Barn Theatre review: 'Elf' a fitting jumpstart to the holiday season

Barn Theatre review; production runs through Sunday, Dec. 19.

Santa, played by Jordan Gatewood, and Mrs. Claus, played by Kristi Gatewood, read the story of "Elf" during a dress rehearsal of "Elf the Musical," which opens to the public Thursday, Dec. 4, 2021, and runs through Dec. 19. Showtimes are 7:30 p.m. Thursday through Saturday, with 2 p.m. Sunday performances. Contributed / Dennis Benson

The Thursday, Dec. 2, opening night performance of the Barn Theater's "Elf" was a fitting jumpstart to the holiday season.

This successful show with lots of pizazz is directed by Allen Clark, with stage manager Jan Buzzeo.

Reagan Toedter poignantly portrays Buddy (Elf) as a human raised by elves returning to New York City from the North Pole at the age of 30.

Early in his appearance, Buddy connects with the audience by walking up and down the aisle into the seats singing "Happy all the time."

Though Buddy is happy all the time, it turns out he is not good at fulfilling the role of toymaker for Santa like the other elves. When he finds out that he is a human β€” and that as a baby he climbed into Santa's bag and got taken to the North Pole β€” he wants to go back home and find his father.


Wackiness and winsomeness follow and reign together in Buddy's discovery of his family and his first love, Jovie, played by Madison Anderson-Wilson.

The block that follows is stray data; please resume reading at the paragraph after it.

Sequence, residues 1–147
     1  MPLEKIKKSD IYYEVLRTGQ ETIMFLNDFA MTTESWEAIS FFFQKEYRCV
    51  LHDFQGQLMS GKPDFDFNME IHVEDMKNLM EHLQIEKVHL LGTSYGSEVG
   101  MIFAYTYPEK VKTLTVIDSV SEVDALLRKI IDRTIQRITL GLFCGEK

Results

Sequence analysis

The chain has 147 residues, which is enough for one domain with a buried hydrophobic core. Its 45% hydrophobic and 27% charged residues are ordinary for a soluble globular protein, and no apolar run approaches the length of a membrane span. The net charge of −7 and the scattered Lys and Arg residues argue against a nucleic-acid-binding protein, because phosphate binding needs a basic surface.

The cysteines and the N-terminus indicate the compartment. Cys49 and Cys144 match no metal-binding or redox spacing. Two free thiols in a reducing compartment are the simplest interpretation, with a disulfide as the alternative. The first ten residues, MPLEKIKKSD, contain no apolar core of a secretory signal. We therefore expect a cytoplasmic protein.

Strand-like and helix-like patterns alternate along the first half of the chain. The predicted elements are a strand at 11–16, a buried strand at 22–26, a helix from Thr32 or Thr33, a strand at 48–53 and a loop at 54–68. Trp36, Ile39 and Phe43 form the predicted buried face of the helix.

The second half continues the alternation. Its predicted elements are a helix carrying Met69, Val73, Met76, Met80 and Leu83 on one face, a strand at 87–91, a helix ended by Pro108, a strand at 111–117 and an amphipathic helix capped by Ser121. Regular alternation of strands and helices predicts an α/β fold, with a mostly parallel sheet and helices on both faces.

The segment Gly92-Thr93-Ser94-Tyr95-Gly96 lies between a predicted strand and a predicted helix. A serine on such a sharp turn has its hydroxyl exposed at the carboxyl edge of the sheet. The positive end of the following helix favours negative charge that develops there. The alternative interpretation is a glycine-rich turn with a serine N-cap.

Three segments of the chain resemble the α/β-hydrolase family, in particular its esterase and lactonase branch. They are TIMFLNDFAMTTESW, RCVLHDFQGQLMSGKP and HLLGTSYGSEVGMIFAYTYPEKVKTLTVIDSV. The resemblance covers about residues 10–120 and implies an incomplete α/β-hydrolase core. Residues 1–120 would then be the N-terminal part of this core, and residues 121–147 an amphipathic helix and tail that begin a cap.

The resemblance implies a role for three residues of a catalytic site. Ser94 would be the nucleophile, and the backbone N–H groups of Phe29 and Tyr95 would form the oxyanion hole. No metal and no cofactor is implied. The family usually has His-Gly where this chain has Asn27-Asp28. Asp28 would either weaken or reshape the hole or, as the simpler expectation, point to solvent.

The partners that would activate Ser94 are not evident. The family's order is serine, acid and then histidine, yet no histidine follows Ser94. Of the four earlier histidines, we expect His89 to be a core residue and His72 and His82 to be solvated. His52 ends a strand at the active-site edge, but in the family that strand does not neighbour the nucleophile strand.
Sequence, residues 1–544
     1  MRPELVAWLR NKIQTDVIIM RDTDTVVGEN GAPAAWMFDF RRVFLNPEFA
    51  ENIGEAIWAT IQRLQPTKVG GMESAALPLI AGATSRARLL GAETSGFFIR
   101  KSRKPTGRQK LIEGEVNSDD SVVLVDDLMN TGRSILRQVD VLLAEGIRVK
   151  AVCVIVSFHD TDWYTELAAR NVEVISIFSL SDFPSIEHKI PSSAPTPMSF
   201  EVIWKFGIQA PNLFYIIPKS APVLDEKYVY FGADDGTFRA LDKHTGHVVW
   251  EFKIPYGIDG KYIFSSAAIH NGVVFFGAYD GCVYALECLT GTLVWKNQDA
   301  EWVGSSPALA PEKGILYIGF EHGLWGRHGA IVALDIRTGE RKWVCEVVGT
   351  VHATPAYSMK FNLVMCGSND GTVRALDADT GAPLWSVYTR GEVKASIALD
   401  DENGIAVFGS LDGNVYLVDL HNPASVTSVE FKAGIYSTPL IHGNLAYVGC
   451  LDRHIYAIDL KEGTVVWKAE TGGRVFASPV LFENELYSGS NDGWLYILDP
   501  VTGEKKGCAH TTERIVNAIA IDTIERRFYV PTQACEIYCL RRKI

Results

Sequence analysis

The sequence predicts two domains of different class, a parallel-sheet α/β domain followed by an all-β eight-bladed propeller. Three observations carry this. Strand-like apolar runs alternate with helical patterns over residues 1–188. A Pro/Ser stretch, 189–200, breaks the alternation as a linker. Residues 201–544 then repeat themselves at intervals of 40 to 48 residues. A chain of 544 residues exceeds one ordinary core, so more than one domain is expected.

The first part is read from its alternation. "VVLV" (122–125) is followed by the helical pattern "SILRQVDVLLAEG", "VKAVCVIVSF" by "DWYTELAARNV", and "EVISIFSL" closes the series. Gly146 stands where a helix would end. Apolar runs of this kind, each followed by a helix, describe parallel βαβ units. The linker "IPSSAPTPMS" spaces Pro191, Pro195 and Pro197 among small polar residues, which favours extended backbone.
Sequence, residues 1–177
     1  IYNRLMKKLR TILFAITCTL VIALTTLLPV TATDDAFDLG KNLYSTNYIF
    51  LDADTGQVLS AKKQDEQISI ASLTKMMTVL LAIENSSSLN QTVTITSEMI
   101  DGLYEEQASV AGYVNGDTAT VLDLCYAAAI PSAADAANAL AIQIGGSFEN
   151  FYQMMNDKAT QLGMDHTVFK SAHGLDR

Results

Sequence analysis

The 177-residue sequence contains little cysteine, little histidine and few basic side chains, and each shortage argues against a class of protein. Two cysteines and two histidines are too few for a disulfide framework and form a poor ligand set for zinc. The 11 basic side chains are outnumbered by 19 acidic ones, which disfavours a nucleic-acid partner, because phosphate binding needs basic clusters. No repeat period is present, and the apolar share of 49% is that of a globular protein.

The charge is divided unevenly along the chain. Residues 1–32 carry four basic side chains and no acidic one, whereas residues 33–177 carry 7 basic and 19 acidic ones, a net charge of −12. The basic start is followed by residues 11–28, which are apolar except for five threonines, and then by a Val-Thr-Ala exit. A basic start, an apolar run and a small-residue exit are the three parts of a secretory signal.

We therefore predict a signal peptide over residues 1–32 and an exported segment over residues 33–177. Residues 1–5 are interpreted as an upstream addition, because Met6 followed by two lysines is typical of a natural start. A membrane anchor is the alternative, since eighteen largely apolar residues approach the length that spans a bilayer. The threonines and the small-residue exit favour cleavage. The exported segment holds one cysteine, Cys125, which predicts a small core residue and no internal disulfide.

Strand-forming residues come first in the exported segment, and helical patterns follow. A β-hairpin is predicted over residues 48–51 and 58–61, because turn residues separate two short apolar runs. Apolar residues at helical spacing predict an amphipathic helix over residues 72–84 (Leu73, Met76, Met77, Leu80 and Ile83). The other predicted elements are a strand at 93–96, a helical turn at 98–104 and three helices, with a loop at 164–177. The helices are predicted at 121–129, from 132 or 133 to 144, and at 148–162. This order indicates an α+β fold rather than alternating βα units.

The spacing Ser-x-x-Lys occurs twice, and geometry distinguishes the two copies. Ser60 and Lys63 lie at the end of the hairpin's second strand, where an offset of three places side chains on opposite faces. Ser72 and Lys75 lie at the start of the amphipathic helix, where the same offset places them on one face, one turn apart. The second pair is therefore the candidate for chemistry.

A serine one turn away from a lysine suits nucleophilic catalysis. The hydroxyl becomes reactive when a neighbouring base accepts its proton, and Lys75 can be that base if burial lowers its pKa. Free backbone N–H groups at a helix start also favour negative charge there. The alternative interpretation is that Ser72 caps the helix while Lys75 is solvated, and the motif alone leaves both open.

Their discovery of each other is aptly summarized in the song Jovie sings, β€œNever Fall in Love with an Elf.”

Buddy's father, Walter Hobbs, played by Ben Watson; his new mother, Emily, played by Jennifer Bute in her debut role at the Barn; and Emma Wallace as his younger brother Michael, provide the family dynamics.

Emily and Michael are happy to welcome Buddy but Walter, who is caught up in work, rejects this sudden appearance of a son he didn't know he had.

Choreographer Claire Taylor-Schiller and vocal director Andrea Limoges shine in their roles. The variety of song and dance numbers with the colorful costumes add a professional feel to the show. Costumes are by Lynsey Pierce and Michaela Ehlers.

The office dancers making snow in the paper shredder to help Buddy feel at home, and the unemployed dancing Santa Clauses lamenting that "nobody cares about Santa Claus," are memorable scenes.

My favorite choreography and most unexpected was the cast coming out tap dancing.

Married in real life, the real Santa Claus, played by Jordan Gatewood, and Mrs. Claus, played by Kristi Gatewood, provide the narration to hold this bit of craziness all together.


When Buddy has no money to buy a gift he asks Walter what he would like: "1,000 butterfly kisses or a bracelet made out of my hair?"

Go to the show and enjoy more moments like this.

The set was designed by Aane Twedt. Properties mistress is Cheri Buzzeo, with light design by Eric Harp, and the sound operators are Melissa Wallace and Bob Thompson.

With performances Thursday through Saturday evenings at 7:30 p.m. and Sunday matinees at 2 p.m. this week and next, there is still time to catch a show.

Kay Westlie is a longtime Willmar resident and Barn Theatre fan.

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